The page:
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Hartford’s Pirate Problem

The capital city has a robust underground market of bootleg DVDs

By ADAM BULGER, Hartford Advocate Staff Writer

November 01, 2007

The five DVDs I bought for $20 varied widely in quality. Ocean's Thirteen was crystal clear, with bright vibrant colors, and included a DVD menu. 30 Days of Night, which had only been in the theater for about five days when I bought the DVD, was unwatchable. It was taped in a theater by a camcorder.

I bought the DVDs at a tent on a South End Hartford street. It was one of dozens of semi-permanent venues trafficking in bootleg DVDs in the city.

Pirated DVD sales are evidently a robust part of the city's underground economy. The tents tend to open in the late afternoon, and are easy to spot. But brick and mortar locations throughout the city offer them as well, selling pirated films ranging from popcorn movies like Resident Evil: Extinction to highbrow fare, like Michael Moore's Sicko and 3:10 to Yuma.

According to the Motion Picture Association of America, camcorder-sourced pirate DVDs are becoming increasingly common across America.

"Unfortunately, it's happening almost anywhere. It's not limited to big cities," MPAA spokesperson Elizabeth Kaltman said. "We've busted people with camcorders in small southern towns and big metropolitan cites throughout the US."

Improvements in consumer electronics have made movie piracy easier and of higher quality. Patrick Corcoran, the director of media research for the National Association of Theater Owners, estimated that films could be copied and replicated on a massive scale for an investment of about $1,000. "Once you've got that in place, you can run an assembly line and make copies very quickly," Corcoran said.

While the technology is readily available, the pirated DVDs sold in Hartford don't seem to be produced locally. The pirated DVD sellers I spoke with said their discs came from New York City.

Joseph Masher, COO of Bow Tie Cinemas, who manages Hartford's Cinema City and Palace 17 movie theaters, said his employees haven't reported people recording movies at their theaters.

"We haven't had any incidents of piracy at the Palace in Hartford. I believe the videos are coming from the New York City area," Masher said.

While piracy has been a major concern for the motion picture industry for years, industry professionals were once more conscious about pirated movies being shared over the Internet than about copies of DVDs being produced.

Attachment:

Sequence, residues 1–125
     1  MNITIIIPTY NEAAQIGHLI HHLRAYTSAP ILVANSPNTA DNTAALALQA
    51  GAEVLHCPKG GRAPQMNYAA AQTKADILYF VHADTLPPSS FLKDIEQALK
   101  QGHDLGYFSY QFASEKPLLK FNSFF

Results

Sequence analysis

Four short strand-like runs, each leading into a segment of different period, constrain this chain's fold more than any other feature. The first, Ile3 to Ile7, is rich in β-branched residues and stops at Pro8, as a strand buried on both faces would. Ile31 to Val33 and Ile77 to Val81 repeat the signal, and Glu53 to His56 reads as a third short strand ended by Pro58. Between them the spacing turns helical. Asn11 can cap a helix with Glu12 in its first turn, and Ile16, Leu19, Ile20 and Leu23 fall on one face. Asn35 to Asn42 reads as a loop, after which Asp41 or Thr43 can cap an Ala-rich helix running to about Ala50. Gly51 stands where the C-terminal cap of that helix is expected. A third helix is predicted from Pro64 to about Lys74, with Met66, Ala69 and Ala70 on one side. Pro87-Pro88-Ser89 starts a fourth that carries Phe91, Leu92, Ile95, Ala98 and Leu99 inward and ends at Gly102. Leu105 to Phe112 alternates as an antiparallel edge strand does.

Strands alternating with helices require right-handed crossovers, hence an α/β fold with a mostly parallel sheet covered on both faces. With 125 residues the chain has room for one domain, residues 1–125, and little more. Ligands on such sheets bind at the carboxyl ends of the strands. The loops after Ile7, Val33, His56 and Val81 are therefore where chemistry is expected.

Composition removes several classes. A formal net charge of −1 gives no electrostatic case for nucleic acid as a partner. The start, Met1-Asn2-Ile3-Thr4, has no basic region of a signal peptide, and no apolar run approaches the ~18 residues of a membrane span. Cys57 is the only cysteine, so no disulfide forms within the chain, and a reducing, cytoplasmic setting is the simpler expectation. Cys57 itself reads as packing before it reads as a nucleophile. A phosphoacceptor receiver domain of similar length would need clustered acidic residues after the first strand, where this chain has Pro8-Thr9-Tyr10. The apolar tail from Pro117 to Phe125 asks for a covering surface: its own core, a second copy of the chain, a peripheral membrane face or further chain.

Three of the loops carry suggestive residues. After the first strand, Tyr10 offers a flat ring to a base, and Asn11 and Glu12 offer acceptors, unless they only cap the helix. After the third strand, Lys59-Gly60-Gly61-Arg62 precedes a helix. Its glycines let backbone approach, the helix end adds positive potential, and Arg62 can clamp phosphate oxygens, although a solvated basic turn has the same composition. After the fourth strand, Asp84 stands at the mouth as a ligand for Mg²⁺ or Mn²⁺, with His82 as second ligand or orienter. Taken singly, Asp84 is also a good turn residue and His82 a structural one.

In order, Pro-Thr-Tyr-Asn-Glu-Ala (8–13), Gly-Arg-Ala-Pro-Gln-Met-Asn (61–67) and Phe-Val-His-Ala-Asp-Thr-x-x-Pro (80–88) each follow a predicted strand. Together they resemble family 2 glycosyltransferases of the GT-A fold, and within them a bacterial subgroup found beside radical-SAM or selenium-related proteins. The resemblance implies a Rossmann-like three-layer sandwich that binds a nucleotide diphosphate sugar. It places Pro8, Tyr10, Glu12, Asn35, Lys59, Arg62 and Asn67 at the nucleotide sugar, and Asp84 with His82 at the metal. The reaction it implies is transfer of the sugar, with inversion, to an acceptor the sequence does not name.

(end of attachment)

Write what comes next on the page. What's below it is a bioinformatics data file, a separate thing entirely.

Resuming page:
But hard disc piracy — creating and selling bootleg discs — has ultimately become a larger problem.

"We thought the real problem was that these things would end up overseas," Corcoran said. "That's still a problem, but what's come to light over the last couple of years is that it's a local problem and that it's being copied and sold locally."

"It's an enormous problem. It's an $18 billion problem for the world wide film industry. Seven billion of that was attributed to Internet piracy and 11 billion was attributed to hard disc piracy," Kaltman said.

Connecticut's branch of the United States Attorney's office has prosecuted a handful of cases of bootleg DVD sales in the state.

"Obviously, from the perspective of the manufacturers, it's stealing," U.S. Attorney for Connecticut Kevin O'Connor said.

The pirated movie cases prosecuted by O'Connor's office mostly involve Internet file sharing of movies, but one ongoing case concerned the physical creation of DVDs. Forty-six-year-old Robert P. Miller, owner of Sarge's Comics Store in New London, pleaded guilty to criminal copyright infringement in August after federal agents executed a search warrant at his store and found approximately 778 pirated DVDs and CDs and burning equipment. That case was somewhat of an anomaly.

O'Connor said his office periodically makes arrests to put a scare into people. "I don't want anyone to think they're immune to prosecution."

Copyright infringement is a federal crime, but not one that's vigorously enforced.

"It's a lower priority in the bureau. As you know, our number-one priority is counter-terrorism, intelligence, preventing another 9/11," said Mary Beth Miklos, spokesperson for the Connecticut bureau of the FBI.

In 2005, law enforcement professionals attempted to link the war on terrorism with prosecution of intellectual property crimes. John Stedman an intellectual property crime investigator with the Los Angeles County Sheriff's Department, said in Senate testimony that "some associates of terrorist groups may be involved in [intellectual property rights] crime."

Whether or not pirate DVDs are related to terrorism, motion picture professionals say they have a devastating effect on local economies.

"If a mom and pop store is trying to survive selling legitimate DVDs, and there's someone on the sidewalk selling bootleg DVDs, that's a lost sale for the legitimate store, and lost tax revenue," Kaltman said. "In 2005, we did an economics study which found that $10 billion in state and federal taxes were lost to piracy."

In addition, there's an argument to be made that buyers of bootleg DVDs are chiefly harming themselves.

"People are spending their money on an inferior product and missing out on the movie-going experience," Corcoran said. "Particularly the camcorder versions of DVDs are just horrible to watch. It's shaky, you see people getting up in front of you, it sounds like it's miles away."

Reprinted with permission of the Hartford Advocate.
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